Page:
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and drink
by Shari Darling
Beets are enjoyable year-round. My
husband loves them, so beets are an
integral part of our year-long diet. In
the spring and summer, we relish in
beet salad with oranges and walnuts
or with goat cheese and pistachios, or
simply buttered and tossed with feta
and fresh chives, parsley and tarragon.
In the winter, I steam beets as a side
dish to sit alongside the chicken or fish.
I was delighted to find two of my fa-
vourite ingredients working together
on the menu of Fulford’s dining room
– beets and barley! They are partnered
in a dish called Beet and Barley Risotto.
Fulford’s is the in-house restaurant
operated by the culinary students
at Fleming College in Peterborough
under the direction of chef and profes-
sor Brian Henry. The students work
in teams to create the menus, which
change every few weeks.
Culinary student Andrew Lecky cre-
ated the Beet and Barley Risotto recipe
that I've included.
Beets should be considered a su-
per food. A member of both the
Chenopodiaceae and Amaranthaceae
families, beets detoxify the blood and
are loaded with vitamins A, B1, B2, B6
and C. Beet skin is edible, if scrubbed
clean and grated. It can be added
raw with the flesh to fresh greens.
The most desirable part of the beet
is the root, the flesh. The flesh is a re-
markable source of choline, folic acid,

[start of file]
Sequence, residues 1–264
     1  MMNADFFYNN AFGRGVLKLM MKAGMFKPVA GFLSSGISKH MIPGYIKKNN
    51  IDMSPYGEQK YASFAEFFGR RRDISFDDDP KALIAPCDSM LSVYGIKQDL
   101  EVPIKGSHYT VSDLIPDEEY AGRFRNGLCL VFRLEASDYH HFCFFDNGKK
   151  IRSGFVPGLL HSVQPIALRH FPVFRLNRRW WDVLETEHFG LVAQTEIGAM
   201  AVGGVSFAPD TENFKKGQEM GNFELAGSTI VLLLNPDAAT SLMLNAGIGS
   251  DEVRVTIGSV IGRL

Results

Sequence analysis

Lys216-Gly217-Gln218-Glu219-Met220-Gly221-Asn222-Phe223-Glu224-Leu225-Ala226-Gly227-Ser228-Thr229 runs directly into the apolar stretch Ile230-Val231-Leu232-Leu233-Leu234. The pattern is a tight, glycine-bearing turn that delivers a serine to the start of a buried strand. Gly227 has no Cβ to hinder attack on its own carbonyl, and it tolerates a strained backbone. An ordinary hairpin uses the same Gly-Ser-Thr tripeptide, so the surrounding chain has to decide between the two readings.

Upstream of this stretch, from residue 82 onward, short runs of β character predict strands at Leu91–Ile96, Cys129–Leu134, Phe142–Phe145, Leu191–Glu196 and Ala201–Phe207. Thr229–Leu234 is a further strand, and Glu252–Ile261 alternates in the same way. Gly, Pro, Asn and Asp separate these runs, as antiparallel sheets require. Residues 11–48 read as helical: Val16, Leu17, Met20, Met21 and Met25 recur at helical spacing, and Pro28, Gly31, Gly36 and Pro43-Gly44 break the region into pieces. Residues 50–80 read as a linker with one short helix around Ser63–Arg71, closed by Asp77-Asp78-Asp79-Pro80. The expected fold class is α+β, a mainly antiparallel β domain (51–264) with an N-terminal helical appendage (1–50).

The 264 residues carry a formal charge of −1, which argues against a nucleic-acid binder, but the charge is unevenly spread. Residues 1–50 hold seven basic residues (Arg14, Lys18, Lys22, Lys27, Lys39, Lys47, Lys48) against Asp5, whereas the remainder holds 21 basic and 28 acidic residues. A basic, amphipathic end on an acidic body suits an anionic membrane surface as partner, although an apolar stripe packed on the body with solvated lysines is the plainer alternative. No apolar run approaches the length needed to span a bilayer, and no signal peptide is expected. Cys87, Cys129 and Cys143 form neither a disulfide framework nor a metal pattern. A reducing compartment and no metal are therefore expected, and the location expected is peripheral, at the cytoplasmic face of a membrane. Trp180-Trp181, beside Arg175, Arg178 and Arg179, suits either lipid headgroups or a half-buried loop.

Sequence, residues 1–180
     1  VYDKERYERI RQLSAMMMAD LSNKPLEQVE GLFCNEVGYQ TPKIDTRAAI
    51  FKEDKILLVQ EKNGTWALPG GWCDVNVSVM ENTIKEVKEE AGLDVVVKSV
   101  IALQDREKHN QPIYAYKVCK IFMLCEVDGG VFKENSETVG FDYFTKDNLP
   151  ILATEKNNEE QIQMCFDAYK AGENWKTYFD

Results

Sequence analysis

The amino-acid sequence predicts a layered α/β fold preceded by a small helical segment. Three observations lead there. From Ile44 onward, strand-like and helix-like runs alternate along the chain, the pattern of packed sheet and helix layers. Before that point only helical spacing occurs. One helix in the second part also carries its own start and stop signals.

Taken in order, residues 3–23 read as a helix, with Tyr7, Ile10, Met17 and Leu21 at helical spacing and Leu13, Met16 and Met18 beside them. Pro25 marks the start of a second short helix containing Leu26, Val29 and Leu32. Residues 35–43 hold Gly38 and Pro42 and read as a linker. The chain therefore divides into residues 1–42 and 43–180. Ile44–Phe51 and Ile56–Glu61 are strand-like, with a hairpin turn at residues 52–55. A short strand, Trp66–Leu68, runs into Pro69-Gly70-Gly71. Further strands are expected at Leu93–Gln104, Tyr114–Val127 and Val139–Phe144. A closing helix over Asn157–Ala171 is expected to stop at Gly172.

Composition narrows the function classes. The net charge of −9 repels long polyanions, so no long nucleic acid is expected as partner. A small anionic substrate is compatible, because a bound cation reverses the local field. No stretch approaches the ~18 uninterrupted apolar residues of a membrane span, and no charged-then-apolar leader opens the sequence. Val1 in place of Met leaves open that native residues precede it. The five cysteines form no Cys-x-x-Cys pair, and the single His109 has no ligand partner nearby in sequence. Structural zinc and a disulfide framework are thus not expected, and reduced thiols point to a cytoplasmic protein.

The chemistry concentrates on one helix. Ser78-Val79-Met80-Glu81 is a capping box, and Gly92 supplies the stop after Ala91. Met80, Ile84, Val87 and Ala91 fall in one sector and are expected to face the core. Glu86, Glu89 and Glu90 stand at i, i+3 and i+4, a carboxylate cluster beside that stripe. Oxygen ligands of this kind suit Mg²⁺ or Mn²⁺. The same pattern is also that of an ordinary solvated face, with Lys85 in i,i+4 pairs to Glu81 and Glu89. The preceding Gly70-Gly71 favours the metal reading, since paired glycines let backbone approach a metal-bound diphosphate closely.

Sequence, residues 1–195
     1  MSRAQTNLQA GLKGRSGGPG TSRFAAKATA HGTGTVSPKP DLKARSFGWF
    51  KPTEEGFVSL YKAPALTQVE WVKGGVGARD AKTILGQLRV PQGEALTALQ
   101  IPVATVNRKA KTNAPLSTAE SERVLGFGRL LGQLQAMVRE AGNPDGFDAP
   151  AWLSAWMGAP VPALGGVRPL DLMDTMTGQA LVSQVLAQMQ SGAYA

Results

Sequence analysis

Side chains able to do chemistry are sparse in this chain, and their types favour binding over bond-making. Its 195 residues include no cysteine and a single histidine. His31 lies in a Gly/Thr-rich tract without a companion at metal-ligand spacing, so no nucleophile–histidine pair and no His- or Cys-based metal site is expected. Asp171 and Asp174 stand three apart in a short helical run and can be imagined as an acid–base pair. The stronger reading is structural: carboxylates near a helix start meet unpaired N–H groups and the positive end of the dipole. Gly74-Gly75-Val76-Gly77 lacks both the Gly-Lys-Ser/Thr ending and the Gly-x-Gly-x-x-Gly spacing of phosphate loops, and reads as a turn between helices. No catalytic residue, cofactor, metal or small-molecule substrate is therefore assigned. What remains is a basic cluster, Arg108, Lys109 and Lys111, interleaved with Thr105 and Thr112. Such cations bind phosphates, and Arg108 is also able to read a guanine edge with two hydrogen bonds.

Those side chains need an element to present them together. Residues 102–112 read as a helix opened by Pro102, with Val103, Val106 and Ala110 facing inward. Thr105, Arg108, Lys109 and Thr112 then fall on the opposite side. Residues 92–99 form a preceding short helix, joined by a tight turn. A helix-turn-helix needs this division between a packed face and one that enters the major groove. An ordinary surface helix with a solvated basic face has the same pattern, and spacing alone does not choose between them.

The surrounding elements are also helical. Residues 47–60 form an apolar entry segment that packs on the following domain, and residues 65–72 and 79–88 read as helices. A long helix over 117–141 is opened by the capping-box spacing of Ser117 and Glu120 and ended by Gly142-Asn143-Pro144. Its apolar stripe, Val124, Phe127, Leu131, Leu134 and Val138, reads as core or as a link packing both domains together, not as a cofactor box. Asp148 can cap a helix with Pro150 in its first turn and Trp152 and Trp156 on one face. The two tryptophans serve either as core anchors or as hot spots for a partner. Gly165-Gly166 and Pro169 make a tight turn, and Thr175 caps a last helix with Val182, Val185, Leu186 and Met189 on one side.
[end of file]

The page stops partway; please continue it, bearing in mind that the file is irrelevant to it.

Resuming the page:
iodine, manganese, organic sodium,
potassium, fibre and carbohydrates in
the form of natural digestible sugars.
To keep the beet from bleeding, leave
two inches of the stem when cutting
it from its leaves. Beet greens possess
a higher content of iron than spinach.
It’s the quality of the iron offered that
counts here. These greens are also an
excellent source of calcium, magne-
sium, copper, phosphorus and sodium.
Due to all these vitamins and minerals,
beets are highly effective in treating
a whole plethora of ailments, such
as high cholesterol, colon cancer, os-
teoporosis, asthma, constipation and
anemia, to name a few.
When pairing beet dishes with wine,
consider the primary tastes and fla-
vours. Beets are sweet and earthy. If
you prefer to pair them with white
wine, choose one that has a hint of
sweetness to match, such as Riesling
or Gewurztraminer. Refrain from pair-
ing beets with bone-dry white wines
unless other predominant flavours
are added, such as toasted walnuts
for bitterness. Red wines with forward
fruitiness and low tannin are the best
partners, such as Zinfandel, Shiraz and
This is probably one of the tastiest
bowl-loving recipes I’ve ever tried.
Here is the Beet and Barley Risotto
recipe from Fulford’s dining room
in Fleming College. The flavours are
earthy and bright and deserving of
any red wine offering similar